Home > Updates > How to help your children onto the property ladder without paying tax
In recent years it has become increasingly common for parents to help their adult children into home ownership in various ways, such as:
Inland Revenue has confirmed in a recent Exposure Draft that family transactions can be caught by the brightline test. In particular, a disposal of residential property within the relevant brightline period, in the following circumstances, can be taxable under the brightline test:
To calculate the taxable brightline income, if the property is disposed of below market value, the transaction will be treated as occurring at the market value. This means that taxable income can arise where a parent sells the residential property to their children at cost, or for an amount less than market value.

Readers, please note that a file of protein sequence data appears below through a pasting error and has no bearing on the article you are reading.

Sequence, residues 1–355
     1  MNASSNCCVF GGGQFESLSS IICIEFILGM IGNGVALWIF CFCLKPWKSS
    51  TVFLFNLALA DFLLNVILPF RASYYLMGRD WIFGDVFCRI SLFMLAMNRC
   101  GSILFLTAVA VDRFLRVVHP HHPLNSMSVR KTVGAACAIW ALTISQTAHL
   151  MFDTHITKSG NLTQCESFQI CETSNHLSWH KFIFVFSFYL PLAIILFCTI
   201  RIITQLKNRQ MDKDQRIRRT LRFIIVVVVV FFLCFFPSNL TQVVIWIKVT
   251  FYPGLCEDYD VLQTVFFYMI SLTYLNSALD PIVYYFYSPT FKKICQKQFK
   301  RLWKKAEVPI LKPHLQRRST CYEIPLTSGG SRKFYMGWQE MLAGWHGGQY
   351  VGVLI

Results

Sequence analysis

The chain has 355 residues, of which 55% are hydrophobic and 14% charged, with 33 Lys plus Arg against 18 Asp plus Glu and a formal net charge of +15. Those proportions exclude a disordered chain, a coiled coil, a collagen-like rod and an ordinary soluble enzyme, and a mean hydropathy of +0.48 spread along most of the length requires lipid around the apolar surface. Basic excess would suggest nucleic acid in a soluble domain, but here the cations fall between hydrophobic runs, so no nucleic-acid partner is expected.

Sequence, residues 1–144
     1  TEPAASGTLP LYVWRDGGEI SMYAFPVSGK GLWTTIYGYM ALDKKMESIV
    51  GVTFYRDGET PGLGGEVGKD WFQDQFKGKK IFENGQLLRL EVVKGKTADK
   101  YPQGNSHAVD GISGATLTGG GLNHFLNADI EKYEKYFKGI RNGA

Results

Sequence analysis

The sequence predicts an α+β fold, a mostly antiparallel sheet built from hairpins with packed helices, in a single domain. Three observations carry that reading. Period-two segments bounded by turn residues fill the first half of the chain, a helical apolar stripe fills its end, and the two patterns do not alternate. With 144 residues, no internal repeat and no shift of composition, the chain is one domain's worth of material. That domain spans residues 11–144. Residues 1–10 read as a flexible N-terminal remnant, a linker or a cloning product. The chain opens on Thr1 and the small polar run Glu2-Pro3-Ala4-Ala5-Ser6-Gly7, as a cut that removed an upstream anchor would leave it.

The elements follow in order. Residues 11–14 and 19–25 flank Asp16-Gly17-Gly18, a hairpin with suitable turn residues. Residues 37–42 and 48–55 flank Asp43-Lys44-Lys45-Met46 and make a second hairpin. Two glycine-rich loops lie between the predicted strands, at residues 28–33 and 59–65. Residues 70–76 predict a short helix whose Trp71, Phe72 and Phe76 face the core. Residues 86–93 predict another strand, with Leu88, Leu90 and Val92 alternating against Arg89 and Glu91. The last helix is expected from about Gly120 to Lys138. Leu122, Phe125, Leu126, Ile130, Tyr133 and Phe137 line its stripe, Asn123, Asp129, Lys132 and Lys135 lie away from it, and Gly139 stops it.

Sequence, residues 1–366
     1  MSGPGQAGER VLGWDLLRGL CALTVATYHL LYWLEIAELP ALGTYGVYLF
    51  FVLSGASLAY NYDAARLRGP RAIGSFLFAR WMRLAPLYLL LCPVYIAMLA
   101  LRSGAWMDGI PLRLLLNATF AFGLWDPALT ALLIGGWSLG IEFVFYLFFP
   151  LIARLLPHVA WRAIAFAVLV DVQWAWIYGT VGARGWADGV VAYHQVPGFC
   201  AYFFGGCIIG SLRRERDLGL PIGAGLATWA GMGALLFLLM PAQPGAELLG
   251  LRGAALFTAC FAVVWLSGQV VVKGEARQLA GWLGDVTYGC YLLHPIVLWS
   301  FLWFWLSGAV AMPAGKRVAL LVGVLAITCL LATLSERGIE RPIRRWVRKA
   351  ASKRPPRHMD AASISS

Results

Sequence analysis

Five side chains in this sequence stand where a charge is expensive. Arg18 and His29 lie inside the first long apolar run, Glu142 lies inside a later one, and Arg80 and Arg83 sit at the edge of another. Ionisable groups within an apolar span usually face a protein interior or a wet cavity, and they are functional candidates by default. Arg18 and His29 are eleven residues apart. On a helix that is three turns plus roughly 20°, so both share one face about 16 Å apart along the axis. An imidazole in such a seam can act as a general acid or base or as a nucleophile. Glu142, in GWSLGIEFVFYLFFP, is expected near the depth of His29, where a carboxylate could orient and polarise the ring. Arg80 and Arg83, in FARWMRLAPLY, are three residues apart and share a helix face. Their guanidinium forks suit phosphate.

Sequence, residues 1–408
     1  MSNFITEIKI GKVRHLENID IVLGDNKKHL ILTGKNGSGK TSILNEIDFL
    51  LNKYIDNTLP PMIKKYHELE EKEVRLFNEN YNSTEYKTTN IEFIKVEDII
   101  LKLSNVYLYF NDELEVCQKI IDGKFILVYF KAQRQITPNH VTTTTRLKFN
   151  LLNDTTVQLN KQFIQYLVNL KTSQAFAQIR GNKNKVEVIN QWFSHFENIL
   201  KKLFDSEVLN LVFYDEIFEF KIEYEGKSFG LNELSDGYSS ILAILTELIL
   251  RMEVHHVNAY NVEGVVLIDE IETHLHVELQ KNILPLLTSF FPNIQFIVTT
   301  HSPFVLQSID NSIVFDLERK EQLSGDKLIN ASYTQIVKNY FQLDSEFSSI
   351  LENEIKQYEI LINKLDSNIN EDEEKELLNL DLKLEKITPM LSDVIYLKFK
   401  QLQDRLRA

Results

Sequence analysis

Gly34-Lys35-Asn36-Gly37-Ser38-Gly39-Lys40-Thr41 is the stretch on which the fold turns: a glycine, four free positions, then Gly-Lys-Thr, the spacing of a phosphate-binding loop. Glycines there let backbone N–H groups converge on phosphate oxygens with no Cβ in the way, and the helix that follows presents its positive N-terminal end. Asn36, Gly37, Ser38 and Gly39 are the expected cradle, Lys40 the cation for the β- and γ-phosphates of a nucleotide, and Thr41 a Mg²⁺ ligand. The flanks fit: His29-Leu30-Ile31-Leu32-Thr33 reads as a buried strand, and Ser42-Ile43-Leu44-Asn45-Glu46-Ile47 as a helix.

The existing exemption for inherited property remains. That is, the brightline test will not apply where:
One option is that instead of becoming a co-owner of the house, parents could gift or lend a similar amount of money to their child so that the child is the sole owner of the house.
Another option is for the parent to consider being a guarantor of the children’s loan to purchase the house.
If parents do need to be co-owners of the house, the parent’s share of the house should be documented as being held as nominee, or bare trustee, for their child. A subsequent change of ownership from the parent to the child would then not trigger the brightline test as the full ownership of the property has always been with the child.
For spouses and de facto partners, consider documenting any property transfers under a formal relationship property agreement so that rollover relief is applicable.
To discuss any concerns you may have about the brightline test, please contact your Nexia advisor.